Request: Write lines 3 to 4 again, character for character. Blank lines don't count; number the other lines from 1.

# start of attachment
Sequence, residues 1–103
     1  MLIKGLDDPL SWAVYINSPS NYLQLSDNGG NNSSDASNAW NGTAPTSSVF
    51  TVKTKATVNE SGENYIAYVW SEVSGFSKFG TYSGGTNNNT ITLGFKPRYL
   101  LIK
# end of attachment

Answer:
    51  TVKTKATVNE SGENYIAYVW SEVSGFSKFG TYSGGTNNNT ITLGFKPRYL
   101  LIK